When we say "the surge worked", we mean that the the deaths of members of the U.S. military have declined, that an escalating civil war has been pushed back, and that there's room for political progress. It's undisputed, save perhaps on right-wing radio, that the surge is not a solution and its benefits cannot be sustained indefinitely in the absence of political progress.

Douthat's providing a less complete version of what Peter Beinart attempted in January, attempting to recast the surge (and history) as a vindication of Bush. (I responded to Beinart's arguments here.) Revisiting Bush's own standards for when we'll know the surge to be a success, as stated almost three years ago:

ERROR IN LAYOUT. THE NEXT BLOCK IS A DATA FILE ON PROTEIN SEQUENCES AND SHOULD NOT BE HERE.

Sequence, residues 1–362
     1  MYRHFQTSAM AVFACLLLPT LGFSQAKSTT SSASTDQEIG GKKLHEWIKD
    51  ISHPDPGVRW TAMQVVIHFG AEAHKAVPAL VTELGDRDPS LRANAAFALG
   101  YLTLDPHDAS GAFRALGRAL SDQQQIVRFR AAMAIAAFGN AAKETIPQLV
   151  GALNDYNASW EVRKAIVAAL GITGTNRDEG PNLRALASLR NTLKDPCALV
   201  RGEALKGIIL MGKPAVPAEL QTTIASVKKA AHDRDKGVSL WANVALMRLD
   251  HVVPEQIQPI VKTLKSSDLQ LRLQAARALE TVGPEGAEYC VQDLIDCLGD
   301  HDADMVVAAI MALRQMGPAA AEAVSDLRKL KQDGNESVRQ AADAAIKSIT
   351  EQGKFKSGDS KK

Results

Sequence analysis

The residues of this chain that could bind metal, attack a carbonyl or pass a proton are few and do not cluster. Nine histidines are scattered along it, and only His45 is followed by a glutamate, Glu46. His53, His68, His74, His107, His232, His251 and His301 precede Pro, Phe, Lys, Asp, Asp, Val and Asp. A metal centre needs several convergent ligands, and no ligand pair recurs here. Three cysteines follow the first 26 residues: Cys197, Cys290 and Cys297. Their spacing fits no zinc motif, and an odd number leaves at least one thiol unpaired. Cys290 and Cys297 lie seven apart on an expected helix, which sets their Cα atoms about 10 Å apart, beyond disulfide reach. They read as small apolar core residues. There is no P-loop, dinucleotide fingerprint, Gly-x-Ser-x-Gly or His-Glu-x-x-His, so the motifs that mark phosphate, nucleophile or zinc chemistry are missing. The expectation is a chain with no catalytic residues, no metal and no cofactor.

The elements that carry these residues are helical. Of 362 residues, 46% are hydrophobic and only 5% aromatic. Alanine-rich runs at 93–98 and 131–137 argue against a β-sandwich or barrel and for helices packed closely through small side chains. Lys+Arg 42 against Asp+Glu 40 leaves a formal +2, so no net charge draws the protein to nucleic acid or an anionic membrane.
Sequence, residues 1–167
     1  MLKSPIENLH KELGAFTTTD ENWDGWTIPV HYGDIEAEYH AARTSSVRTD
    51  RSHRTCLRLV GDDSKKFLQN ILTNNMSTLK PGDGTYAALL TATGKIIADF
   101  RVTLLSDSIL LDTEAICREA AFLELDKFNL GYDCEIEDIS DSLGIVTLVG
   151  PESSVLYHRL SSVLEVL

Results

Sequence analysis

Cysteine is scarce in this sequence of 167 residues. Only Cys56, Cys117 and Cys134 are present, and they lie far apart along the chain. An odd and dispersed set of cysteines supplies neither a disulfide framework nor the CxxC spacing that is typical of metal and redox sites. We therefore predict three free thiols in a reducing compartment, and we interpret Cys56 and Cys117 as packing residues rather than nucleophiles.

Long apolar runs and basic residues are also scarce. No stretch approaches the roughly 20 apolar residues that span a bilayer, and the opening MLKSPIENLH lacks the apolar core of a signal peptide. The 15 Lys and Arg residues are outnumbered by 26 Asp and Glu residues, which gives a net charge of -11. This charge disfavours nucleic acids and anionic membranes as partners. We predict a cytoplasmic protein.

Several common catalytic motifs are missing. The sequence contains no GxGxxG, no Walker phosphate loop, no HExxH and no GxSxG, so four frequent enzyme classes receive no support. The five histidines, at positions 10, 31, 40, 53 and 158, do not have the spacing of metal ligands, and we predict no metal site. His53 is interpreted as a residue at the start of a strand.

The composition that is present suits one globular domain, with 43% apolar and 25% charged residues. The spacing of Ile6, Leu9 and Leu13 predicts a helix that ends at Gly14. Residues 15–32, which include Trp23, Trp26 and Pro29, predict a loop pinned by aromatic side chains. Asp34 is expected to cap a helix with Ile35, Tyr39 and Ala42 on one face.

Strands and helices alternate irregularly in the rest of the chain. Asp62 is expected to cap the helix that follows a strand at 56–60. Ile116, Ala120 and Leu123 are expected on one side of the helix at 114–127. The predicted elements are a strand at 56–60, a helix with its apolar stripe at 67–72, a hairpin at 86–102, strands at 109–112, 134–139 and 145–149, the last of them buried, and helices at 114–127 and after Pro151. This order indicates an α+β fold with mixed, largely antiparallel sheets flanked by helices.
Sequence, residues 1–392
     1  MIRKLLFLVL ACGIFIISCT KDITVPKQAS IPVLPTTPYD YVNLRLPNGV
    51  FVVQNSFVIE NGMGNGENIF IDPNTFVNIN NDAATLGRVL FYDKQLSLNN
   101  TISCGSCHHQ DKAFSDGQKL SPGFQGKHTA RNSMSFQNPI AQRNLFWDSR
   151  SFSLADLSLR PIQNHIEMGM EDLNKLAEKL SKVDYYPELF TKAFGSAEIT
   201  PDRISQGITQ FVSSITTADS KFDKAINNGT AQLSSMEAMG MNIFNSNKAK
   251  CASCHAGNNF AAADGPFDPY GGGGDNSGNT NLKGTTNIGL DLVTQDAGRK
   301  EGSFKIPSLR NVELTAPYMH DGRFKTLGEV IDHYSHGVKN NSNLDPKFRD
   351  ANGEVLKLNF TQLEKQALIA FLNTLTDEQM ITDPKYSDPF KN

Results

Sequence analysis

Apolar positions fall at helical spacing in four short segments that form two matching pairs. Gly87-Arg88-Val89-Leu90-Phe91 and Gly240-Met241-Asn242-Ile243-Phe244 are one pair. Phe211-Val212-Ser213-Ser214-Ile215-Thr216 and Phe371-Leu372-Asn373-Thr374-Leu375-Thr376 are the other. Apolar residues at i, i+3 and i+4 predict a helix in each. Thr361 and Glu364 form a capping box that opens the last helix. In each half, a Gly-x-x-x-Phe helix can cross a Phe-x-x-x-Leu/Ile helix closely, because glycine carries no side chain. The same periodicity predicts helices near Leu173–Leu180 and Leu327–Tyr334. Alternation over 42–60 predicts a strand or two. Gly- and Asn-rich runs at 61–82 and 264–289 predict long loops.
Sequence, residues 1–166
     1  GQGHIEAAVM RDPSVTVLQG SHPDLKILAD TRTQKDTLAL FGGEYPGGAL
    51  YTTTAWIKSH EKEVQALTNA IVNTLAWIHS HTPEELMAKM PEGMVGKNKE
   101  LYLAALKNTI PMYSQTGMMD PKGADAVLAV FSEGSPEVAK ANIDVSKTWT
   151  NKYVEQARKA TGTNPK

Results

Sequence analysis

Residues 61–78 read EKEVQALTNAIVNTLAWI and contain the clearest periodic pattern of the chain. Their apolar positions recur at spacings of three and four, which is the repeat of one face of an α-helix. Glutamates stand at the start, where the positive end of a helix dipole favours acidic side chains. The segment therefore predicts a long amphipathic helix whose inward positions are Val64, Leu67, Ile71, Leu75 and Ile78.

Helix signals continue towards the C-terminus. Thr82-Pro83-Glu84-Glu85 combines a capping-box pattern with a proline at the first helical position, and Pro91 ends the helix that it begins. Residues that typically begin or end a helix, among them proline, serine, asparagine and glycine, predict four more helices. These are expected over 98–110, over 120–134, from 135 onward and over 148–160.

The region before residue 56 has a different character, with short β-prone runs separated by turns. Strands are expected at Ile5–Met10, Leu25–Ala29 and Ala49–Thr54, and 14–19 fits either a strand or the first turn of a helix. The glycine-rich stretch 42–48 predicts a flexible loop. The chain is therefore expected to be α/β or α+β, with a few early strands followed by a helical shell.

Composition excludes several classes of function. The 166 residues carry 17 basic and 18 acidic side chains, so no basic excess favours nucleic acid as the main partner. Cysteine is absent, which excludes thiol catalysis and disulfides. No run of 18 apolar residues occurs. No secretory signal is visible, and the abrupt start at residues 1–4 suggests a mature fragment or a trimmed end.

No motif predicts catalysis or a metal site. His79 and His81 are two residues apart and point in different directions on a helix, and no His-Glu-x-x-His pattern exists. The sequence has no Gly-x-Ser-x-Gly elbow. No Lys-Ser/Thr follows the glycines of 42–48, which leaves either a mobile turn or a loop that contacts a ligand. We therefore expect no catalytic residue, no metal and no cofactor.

A successful strategy for Iraq goes beyond military operations. Ordinary Iraqi citizens must see that military operations are accompanied by visible improvements in their neighborhoods and communities. So America will hold the Iraqi government to the benchmarks it has announced.

To establish its authority, the Iraqi government plans to take responsibility for security in all of Iraq's provinces by November. To give every Iraqi citizen a stake in the country's economy, Iraq will pass legislation to share oil revenues among all Iraqis. To show that it is committed to delivering a better life, the Iraqi government will spend $10 billion of its own money on reconstruction and infrastructure projects that will create new jobs. To empower local leaders, Iraqis plan to hold provincial elections later this year. And to allow more Iraqis to re-enter their nation's political life, the government will reform de-Baathification laws, and establish a fair process for considering amendments to Iraq's constitution.